As Philadelphia’s black population, originally concentrated in the area just south of Shibe Park known as Lower North Philadelphia, began to migrate north (in part due to misguided urban renewal efforts that demolished old housing without plans to build anew), the city’s failing baseball franchises refused the obvious salvation that Veeck had envisioned a decade earlier. Octogenarian Athletics owner Connie Mack passed on opportunities to sign Larry Doby, Minnie Minoso, and Hank Aaron before being forced into retirement by his sons after the 1950 season. The A’s finally integrated in September of 1953, but, having missed its opportunity, the team fell on such hard times that Mack’s sons opted to sell the franchise following the 1954 season. New owner Arnold M. Johnson moved the club to Kansas City, where it would become best known for funneling talented players (most of them white) to Casey Stengel’s Yankees. The Athletics left Philadelphia having employed just two players of color, just one of them African American. The Phillies stayed put and were even less progressive.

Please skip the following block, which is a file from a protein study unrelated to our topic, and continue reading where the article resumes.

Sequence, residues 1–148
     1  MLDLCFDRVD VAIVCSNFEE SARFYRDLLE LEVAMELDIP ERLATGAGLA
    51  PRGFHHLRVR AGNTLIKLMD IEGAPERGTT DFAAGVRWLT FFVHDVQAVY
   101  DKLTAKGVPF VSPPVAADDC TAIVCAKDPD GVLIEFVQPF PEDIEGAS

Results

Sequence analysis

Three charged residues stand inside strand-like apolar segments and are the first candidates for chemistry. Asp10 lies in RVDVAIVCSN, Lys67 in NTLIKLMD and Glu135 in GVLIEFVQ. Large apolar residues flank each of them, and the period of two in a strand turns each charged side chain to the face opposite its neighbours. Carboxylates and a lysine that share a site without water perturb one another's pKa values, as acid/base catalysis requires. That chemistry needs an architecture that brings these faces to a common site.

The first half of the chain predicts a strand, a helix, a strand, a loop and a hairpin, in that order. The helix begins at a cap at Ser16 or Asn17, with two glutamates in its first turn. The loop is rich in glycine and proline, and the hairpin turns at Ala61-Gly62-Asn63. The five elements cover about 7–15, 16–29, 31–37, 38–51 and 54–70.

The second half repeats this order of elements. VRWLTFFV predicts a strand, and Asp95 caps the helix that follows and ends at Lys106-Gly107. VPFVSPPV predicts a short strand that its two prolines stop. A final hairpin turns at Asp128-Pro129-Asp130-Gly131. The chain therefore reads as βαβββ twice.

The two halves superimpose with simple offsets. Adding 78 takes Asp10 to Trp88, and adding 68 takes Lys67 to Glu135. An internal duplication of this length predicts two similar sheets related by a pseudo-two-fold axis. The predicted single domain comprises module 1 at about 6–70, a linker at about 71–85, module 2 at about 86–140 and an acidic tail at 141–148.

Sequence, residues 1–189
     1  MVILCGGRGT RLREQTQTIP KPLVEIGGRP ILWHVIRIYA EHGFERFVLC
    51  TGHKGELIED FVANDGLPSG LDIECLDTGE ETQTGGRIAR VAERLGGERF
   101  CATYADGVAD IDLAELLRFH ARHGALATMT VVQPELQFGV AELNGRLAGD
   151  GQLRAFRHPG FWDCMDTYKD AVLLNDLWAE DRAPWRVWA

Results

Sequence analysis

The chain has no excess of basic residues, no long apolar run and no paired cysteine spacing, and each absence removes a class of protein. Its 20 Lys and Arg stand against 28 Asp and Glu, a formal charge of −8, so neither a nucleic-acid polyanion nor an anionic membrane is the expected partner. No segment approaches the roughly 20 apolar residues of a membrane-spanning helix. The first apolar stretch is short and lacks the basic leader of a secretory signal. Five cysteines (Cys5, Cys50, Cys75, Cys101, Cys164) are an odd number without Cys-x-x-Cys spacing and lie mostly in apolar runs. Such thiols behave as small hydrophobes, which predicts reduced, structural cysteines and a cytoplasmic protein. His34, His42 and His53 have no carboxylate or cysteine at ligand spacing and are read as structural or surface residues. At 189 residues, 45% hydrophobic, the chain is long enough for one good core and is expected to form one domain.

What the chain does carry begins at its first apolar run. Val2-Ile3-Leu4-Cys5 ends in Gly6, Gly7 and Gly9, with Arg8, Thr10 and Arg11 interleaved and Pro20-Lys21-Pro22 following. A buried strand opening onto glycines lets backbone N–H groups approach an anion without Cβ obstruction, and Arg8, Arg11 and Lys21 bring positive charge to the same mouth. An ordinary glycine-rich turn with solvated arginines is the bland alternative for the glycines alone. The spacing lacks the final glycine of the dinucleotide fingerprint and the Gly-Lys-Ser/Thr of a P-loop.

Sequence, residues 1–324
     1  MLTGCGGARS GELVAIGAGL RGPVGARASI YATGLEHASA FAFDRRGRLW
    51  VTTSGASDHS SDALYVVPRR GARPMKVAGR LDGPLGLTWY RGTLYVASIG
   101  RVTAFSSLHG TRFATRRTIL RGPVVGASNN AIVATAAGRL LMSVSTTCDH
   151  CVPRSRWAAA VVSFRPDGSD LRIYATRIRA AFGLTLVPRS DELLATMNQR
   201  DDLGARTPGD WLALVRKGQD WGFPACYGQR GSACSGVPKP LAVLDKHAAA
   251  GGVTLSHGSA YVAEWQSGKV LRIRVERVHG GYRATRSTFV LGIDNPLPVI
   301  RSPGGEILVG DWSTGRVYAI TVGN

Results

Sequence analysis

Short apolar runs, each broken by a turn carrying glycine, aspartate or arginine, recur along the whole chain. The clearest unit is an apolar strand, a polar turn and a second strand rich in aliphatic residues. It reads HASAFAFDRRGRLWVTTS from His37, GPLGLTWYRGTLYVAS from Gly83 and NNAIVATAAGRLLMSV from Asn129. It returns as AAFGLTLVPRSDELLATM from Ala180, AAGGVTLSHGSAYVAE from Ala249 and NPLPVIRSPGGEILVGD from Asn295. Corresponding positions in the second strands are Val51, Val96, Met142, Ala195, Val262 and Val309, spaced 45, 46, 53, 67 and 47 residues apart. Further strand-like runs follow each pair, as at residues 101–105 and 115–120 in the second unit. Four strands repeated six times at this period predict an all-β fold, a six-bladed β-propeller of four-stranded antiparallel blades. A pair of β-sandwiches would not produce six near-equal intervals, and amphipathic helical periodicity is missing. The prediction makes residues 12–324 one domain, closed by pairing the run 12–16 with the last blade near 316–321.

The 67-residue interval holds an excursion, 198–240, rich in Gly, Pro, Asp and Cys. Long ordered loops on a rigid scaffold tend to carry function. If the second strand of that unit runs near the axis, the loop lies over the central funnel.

Having dethroned the integrated Dodgers of Robinson, Don Newcomb, and Roy Campanella (the last a Philadelphia native who attempted to sign with the Phillies under Nugent) with the all-white Whiz Kids, Carpenter, who assumed the role of general manager after Pennock’s death in 1948, foresaw the dawning of a new era for his club. Instead, his obstinance would be the team’s undoing, and the 1950 pennant would be the last won by an unintegrated National League team.

 
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Posted by on July 27, 2012 in Deleted Scenes